Council bill backs library Members want to keep branch in Street open

February 14, 1993|By Phyllis Brill | Phyllis Brill,Staff Writer

The controversy over the possible closing of the tiny Highland library in Street heated up last week when four members of the County Council introduced a bill to prevent the Harford County ++ Library board of trustees from closing a branch without the council's approval.

"I felt the library [board] was developing some plans in isolation from the larger community," said County Council President Jeffrey Wilson, who introduced the bill with council members Barry Glassman, R-District D; Susan Heselton, R-District A; and Philip J. Barker, D-District F.

Mr. Wilson, the former president of the Highland Community Association, helped get the Highland library established in 1985.

"Highland was never meant to be a regional outlet. It was meant to be one service interfaced with others in a unique setting," he said, adding that it is part of a community center.

The library fills a small part of a former school that is now home to the Highland Community Association. The 85-year-old building, renamed Highland Commons, also houses a senior center, a nursery school, the Street post office and a food pantry.

"My feeling is that Highland is a special model and it's what we need to emulate in our communities," said Mr. Glassman, whose council district includes much of the northern county. "We need to look at putting more of our libraries in village centers like this, rather than away from people."

The library is open only 13 hours a week and has a collection of about 1,000 items. It is used primarily by Highland community residents, children who attend the preschool and their mothers, and residents of the senior center.

Last fall, after the new full-service Whiteford library had opened four miles away, the library board of trustees announced plans to close the Highland library and move its collection and its part-time staff to Whiteford.

Philip Place, director of the Harford County library system, said the closing had been considered for some time, especially after pressure to cut library costs grew in 1991. He said the Whiteford branch was meant to bring improved and expanded service to the northern part of the county.

But after an outcry from Highland citizens at a public hearing in January, the library tabled plans for its closing, at least until its February meeting, which is scheduled for Thursday.

"We've been trying to work with the community in good faith," said Bruce G. Berkey, chairman of the board of library trustees. "We certainly don't mean to be adversarial, but how thin do you spread your resources and still get benefit from them?"

Mr. Place has said that closing Highland, which costs about $25,000 a year to run, would save about $12,000 to $13,000 in operating costs. Its two part-time staff members would be transferred to Whiteford, where the library hours would be extended from 30 to about 36 a week.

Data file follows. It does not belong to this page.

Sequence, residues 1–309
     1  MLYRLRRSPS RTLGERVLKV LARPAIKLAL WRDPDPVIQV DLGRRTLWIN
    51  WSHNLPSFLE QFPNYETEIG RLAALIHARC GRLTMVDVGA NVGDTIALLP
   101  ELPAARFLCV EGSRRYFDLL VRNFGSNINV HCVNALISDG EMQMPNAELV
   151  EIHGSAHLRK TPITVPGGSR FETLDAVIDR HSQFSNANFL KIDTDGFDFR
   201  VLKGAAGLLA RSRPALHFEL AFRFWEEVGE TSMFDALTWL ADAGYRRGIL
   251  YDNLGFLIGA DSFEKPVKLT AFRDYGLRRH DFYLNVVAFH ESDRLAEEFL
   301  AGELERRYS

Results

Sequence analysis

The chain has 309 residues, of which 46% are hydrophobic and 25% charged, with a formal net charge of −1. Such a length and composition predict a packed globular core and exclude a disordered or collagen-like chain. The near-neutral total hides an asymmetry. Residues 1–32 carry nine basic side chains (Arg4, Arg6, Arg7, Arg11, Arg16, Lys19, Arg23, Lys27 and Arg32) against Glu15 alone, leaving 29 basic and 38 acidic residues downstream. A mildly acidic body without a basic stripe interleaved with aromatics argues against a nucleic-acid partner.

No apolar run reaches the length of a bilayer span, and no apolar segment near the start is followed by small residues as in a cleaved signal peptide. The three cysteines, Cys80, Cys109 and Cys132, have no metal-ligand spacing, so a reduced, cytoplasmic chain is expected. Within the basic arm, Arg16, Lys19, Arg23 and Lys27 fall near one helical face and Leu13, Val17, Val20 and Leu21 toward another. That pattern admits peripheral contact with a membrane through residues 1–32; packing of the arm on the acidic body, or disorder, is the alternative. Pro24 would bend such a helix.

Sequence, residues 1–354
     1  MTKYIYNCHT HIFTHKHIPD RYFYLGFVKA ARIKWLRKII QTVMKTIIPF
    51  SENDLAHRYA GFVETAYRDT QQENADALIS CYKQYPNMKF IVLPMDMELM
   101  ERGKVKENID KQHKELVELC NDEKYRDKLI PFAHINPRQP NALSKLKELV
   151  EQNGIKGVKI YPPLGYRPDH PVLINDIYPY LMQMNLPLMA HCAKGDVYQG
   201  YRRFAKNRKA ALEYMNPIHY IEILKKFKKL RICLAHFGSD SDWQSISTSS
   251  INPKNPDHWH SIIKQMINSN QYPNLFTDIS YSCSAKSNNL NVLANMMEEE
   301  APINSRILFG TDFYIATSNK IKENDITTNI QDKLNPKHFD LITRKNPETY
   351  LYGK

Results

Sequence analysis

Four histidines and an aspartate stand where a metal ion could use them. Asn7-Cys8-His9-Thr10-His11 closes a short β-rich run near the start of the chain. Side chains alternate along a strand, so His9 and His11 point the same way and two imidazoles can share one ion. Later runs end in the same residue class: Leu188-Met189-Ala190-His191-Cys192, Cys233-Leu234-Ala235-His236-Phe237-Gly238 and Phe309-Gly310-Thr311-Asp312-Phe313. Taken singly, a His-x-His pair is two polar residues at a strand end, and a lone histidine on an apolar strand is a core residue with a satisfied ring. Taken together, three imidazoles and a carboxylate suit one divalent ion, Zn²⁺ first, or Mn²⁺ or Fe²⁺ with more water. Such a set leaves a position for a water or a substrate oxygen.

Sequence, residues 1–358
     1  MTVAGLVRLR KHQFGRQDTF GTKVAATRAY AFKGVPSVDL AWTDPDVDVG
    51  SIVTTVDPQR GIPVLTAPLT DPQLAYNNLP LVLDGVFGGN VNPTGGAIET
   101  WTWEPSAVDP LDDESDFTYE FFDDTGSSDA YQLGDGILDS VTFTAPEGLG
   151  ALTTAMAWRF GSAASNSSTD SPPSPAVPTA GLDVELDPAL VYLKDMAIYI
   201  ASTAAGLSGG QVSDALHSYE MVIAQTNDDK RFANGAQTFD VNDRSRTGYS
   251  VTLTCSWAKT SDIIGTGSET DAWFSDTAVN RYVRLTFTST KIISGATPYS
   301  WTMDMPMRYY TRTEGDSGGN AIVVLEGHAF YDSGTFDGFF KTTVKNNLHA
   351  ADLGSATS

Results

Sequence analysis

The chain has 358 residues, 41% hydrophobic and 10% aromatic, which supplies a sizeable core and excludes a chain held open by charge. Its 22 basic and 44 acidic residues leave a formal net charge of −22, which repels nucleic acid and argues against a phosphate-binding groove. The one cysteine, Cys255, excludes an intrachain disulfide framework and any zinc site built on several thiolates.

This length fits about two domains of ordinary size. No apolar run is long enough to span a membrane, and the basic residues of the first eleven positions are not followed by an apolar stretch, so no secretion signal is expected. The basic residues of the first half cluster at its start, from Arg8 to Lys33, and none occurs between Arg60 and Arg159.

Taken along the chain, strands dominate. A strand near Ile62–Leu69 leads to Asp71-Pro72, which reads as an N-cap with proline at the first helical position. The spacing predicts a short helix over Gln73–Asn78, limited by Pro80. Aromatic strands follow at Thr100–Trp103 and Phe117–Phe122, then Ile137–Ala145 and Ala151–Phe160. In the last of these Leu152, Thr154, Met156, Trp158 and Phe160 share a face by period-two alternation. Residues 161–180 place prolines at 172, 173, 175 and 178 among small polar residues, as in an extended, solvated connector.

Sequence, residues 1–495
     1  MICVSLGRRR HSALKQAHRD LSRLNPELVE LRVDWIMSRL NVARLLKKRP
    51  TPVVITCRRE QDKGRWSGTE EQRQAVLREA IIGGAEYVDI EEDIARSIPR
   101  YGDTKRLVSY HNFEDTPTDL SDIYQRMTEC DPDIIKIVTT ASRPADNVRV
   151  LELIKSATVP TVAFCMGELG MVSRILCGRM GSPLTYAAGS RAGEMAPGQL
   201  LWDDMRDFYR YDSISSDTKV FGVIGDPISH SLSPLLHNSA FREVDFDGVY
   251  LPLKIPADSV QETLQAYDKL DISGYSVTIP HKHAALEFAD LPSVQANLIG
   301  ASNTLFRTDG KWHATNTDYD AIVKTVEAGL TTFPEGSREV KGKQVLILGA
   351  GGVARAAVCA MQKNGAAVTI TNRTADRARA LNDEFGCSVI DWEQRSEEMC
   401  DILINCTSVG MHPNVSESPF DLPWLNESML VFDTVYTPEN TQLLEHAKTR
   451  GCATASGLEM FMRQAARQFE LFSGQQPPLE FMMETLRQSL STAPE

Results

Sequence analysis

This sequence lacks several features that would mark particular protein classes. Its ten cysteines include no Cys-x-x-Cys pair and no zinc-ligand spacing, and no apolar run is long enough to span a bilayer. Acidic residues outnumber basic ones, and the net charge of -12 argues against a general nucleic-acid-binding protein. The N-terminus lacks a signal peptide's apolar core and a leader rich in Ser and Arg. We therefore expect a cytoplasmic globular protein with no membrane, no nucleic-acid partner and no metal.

Jim Richardson, a former library trustee and president of the Highland Community Association, says the community is determined to keep the community center open and maintain the library as a part of it. The old brick building served as a high school until 1950 and as an elementary school until 1983.

The association rents the building from the county for $1 a year and in turn leases a portion of it to the library for $9,000, to help cover heating and other utility costs. The association has offered to reduce the library's rent from $9,000 a year to $5,100 and help staff it with volunteers.

Mr. Berkey said the library trustees are expected to vote on the compromise at their meeting Thursday.

Meanwhile, Mr. Berkey called the County Council's proposal "the battleship firing the warning salvo. It makes it pretty clear they don't want the board making decisions like closing branches."

The proposal, which was introduced by a majority of four council persons, is scheduled for a public hearing March 16.

"There are a lot of factors to consider," said Mr. Berkey. "Mr. Wilson's points are well-taken: [Highland] has a strong focus on the community, and the community likes having it there. But I haven't heard anyone from the council out trying to get more funds that are necessary to make the system work. In my experience, if you have a problem, you try to find a solution."

Mr. Wilson, who in a Dec. 4 letter to Mr. Place said he would oppose the branch's closing "in every way I can," has criticized the library as not being creative enough with its resources.

He also wrote to Mr. Berkey, warning of a financial backlash if Highland were to close. "I think when you raise the specter of closing a community's facility, you invite the people of Harford County to make a closer scrutiny of how you're spending their money in other ways," he wrote.

Mr. Berkey said he is not opposed to small, community-oriented branches, but added that they aren't necessarily cost-effective.

"I think the concept sounds good, but if you look at libraries around the state, including Baltimore County [which this week announced it will close nine branches], it can dilute your services," he said. "If you want that to work, you have to provide the funds."

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